The IBM report goes on to say that the most effective tool for retailers when it comes to driving Thanksgiving and Black Friday sales home, is less frequent, well targeted, email marketing.  In order to not turn off customers with spam, a bombardment of advertisements and promotions, retailers need to learn their customers well using indicative data, and properly channel their yearly ad spend to work more efficiently for them and return their investment.


Recently our very own Vice President of Marketing and Business Development – Salome Sallehy – sat down with Luxury Daily to discuss Harry Winston’s new mobile Secrets ad campaign on Harper’s Bazaar digital publication.  The ad used the “screen takeover” technique, covering the home page of Harper’s Bazaar, Salome sheds some light on why this approach is effective when executed correctly.

Harper’s Bazaar  is a glamour content destination for a wide range of readers including the affluent Gen X and Y’s”  Salome said.  “The screen takeover ads are effective in that they don’t get missed, but are usually experienced on the other ends of the spectrum; the mobile user is either really annoyed, or really delighted, depending on context and relevance.”  She added.

The Harry Winston Secrets ad features a film, where the consumer is led through a large empty home, into a secret door that looks like a mirror.  The concept was that each piece in the collection had a hidden gem waiting to be discovered, hence the “Secrets” campaign.

Salome shared her insights, and expertise stating “in this case, the context is very fitting in that the content is aligned with what the mobile user is already discovering, so there’s a good chance they won’t be annoyed.  However, when a mobile experience is disrupted with something unexpected, the user is more likely to have a positive reaction if they feel that the content being presented is relevant and exclusive to them.”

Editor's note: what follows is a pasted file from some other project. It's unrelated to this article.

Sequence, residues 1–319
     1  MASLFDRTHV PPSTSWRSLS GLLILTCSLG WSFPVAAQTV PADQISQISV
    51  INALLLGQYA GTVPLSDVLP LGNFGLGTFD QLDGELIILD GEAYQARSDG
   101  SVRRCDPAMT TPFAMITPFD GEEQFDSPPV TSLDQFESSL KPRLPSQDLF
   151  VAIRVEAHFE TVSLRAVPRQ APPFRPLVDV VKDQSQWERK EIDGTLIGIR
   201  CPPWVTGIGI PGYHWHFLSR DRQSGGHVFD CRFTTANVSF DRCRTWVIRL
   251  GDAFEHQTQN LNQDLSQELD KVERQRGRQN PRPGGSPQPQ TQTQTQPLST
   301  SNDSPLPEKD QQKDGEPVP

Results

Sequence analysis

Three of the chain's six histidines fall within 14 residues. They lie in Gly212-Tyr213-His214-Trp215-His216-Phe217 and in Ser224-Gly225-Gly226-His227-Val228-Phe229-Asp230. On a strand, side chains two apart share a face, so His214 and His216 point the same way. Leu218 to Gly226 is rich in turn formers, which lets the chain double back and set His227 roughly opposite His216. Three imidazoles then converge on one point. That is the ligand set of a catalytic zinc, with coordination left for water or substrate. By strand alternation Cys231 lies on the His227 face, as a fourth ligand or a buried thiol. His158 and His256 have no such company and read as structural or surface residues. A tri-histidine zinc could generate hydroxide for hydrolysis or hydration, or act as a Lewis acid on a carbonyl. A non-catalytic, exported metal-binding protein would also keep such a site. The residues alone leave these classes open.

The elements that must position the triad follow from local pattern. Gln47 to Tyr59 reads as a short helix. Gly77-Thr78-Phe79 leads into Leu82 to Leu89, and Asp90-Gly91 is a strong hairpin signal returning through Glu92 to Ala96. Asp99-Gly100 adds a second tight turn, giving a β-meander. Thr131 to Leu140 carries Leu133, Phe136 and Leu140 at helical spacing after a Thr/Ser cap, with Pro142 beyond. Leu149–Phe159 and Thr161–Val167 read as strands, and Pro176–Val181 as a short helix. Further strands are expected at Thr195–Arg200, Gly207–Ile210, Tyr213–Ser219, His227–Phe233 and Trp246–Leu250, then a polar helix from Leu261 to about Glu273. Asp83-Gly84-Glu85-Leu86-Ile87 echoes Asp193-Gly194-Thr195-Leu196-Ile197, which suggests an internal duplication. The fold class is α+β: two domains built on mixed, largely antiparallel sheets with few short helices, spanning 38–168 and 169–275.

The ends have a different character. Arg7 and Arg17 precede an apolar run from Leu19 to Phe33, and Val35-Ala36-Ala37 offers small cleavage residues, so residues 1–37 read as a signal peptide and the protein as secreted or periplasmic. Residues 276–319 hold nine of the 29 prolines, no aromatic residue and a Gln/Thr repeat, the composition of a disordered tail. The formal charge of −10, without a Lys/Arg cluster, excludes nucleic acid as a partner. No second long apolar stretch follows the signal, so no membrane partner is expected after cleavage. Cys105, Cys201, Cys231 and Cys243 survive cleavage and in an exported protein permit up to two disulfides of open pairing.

Screen takeovers, when applied in the right context can actually be pretty useful, especially around the holiday season when shoppers are looking for that special gift. The ads allow for you to be a part of an exclusive deal that is likely only available for a limited time, without detouring you from the original website you intended to view.

“Since Harry Winston doesn’t engage in ecommerce, their mobile marketing efforts are to drive traffic to the stores and partner retailers and that’s a pretty tall order for a mobile ad if the user isn’t encouraged to get better acquainted before the trip.”

Tweet us your thoughts! Would you be annoyed or delighted if you went to your online shopping destination, and a screen takeover ad informed you about a feature, or deal? @plasticmobile



There’s no denying the impact mobile has had on the customer journey. What was once a linear journey with clear start and end points, is now cyclical. Mobile has blurred the lines between the pre- and post-shopping stages and is giving brands the opportunity to constantly stay connected with their customers, and vice versa.

While most brands are understanding the importance of going mobile, by way of web and/or apps, there is still a gap between how mobile technology can be leveraged at each point in the customer journey (the pre-, in-store, and post-shopping stages) to drive brand engagement and in-store traffic.

Pre-Shopping Stage

Ask yourself: Have you ever researched a product on your mobile device? Whether it’s through a mobile site or app, chances are you have. And you’re not alone: Almost 60 percent of mobile users use their devices to research a product before purchasing. That’s one of the beauties about mobile: it has empowered customers to take control of their shopping experience by giving them the ability to research and discover the products available to them.

That’s why the pre-shopping stage is so critical to brands; it’s the perfect opportunity to connect with customers and stay top-of-mind. One key way of achieving this is via push notifications. Push notifications are a great vehicle to generate awareness in regards to promotions, coupons, new product releases, and even marketing campaigns. A recent study by Urban Airship has found that when used correctly, push notifications can increase response rate by over 300 percent.